More results...

Generic selectors
Exact matches only
Search in title
Search in content
Post Type Selectors
Filter by Categories
Assured Shorthold tenancy
Benefits and care
Housing Conditions
Housing law - All
Introductory and Demoted tenancies
Leasehold and shared ownership
Licences and occupiers
Mortgage possession
Regulation and planning
Trusts and Estoppel
Unlawful eviction and harassment

A bit too widely cast…


You may recall the discussion that took place on this blog of Wandsworth’s secure tenancy terms, introduced in 2009, that sought to introduce a list of things that the tenant, “lodgers, friends, relatives, visitors and any other person living in the property are not allowed to do whilst in the London Borough of Wandsworth”, including causing a nuisance to others, causing damage to property etc. etc. A full list of the terms is at the end of this post.

Our discussion was in the content of Wandsworth seeking to use this clause against the mother of an accused rioter for a possession claim under Ground 1 -breach of tenancy conditions. Wandsworth backed away from that case, but the view of some, including me, at the time, was that the terms were effectively a personal obligation, not a term of the tenancy.

We have just heard about a County Court judgment in a case, LB Wandsworth v Maggott, in Wandsworth County Court, where exactly that was held. The following are just brief notes – more detail when we have it.

Mr M was Wandsworth secure tenant, having succeeded his mother, and had lived in the property for some 30 years. There were no problems until 2010/11 when Mr M became subject to racist and other abuse. Mr M thought he knew where the originators of this abuse lived, in a flat on another estate, and, for a period of about 8 months, went to this other estate and flat, marking unpleasant graffiti on the flat door and common parts.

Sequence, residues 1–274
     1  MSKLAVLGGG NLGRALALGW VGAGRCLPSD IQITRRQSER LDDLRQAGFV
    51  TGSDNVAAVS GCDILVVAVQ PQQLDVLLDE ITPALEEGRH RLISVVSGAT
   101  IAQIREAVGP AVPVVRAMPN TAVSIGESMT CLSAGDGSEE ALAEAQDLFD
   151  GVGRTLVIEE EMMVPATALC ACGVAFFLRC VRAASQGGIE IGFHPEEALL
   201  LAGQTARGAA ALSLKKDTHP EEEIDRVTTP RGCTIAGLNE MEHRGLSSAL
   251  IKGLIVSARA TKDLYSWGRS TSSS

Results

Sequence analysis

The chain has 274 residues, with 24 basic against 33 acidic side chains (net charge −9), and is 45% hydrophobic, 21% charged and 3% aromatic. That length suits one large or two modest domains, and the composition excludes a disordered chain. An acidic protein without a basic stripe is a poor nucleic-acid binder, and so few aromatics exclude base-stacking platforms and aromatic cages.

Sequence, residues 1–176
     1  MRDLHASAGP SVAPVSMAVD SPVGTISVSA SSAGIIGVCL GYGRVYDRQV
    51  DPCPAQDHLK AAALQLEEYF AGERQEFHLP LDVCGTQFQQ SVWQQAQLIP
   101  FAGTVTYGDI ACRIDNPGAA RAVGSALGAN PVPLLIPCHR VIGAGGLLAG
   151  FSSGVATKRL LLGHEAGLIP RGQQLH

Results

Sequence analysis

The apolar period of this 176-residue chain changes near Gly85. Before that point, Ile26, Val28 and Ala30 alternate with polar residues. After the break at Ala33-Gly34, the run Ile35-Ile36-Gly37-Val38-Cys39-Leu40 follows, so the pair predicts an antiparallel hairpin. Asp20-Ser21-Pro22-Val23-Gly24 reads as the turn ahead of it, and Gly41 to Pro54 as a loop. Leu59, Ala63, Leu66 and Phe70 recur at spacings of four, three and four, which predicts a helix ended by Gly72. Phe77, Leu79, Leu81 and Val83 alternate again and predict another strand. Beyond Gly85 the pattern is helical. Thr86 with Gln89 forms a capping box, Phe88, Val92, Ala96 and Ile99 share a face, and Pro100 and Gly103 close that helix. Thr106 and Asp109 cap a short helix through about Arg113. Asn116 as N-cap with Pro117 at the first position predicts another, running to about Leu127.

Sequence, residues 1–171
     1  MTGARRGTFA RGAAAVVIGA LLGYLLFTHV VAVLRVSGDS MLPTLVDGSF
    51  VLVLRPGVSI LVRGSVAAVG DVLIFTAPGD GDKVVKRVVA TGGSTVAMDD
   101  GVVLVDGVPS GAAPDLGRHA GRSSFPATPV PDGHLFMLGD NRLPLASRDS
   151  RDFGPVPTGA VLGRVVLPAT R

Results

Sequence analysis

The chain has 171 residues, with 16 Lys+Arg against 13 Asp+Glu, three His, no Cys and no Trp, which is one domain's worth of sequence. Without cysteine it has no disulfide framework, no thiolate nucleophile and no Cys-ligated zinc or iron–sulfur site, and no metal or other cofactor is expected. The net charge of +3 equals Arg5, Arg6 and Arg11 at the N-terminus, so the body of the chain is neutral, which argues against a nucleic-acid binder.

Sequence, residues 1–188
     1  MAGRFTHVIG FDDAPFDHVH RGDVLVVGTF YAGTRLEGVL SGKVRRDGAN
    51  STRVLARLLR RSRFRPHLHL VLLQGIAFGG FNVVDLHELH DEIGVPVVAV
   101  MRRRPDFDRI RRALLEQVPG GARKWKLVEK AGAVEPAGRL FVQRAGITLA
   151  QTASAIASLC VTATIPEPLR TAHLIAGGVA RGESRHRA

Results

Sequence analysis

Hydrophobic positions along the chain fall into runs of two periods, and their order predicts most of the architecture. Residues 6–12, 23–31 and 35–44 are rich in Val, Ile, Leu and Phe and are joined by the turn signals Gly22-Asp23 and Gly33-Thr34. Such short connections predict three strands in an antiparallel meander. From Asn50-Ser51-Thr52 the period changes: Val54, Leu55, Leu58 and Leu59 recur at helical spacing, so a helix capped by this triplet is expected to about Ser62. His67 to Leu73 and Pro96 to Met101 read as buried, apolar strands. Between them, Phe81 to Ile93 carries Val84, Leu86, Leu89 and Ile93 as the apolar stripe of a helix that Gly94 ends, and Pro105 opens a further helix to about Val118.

Mr M was arrested, pleaded guilty and received a prison sentence. About 3 months after he was released. Wandsworth brought possession proceedings on grounds 1 and 2. The ground 1 claim was on the basis of clause 31 of the post 2009 tenancy agreement, which states:

“This is a list of things that you, your lodgers, friends, relatives, visitors and any other person living in the property are not allowed to do whilst in the London Borough of Wandsworth or the area which is local to the property:
. breach the tenancy conditions
. do anything which causes or is likely to cause a nuisance to anyone living in the borough of Wandsworth and/or the local area
. do anything which interferes with the peace, comfort or convenience of other people living in the borough of Wandsworth and/or the local area
. cause damage to property belonging to other people or council property in the borough of Wandsworth and/or the local area
. harass anyone in the borough of Wandsworth and/or the local area because of his or her race, colour, nationality, culture, sexuality, gender, age,
marital status, religion or disability
. use the property for any criminal, immoral or illegal purpose
. threaten or harass or use violence towards anyone in the borough of Wandsworth and/or the local area
. threaten or harass or use violence towards council employees, managing agents or contractors
. use or threaten violence towards anyone living in the property
Any breach of the tenancy conditions by anyone living in or visiting the property, or where there is a joint tenancy, by one of the joint tenants, will be treated as a breach by the tenant. If you are evicted it is likely you will be considered to have made yourself ‘intentionally homeless’ and consequently not be entitled to rehousing by the council.”

At the hearing of the claim, the District Judge held:
(a) cl.31, insofar as it applied to the entire borough, was not an “obligation of the tenant”, applying RMR Housing v Combs [1951] 1 K.B. 486
(b) insofar as it related to anything which was “local” to his flat then Wandsworth had failed to prove, as a matter of fact, that his ASB was in the area
(c) in any event, it too was not an obligation of the tenancy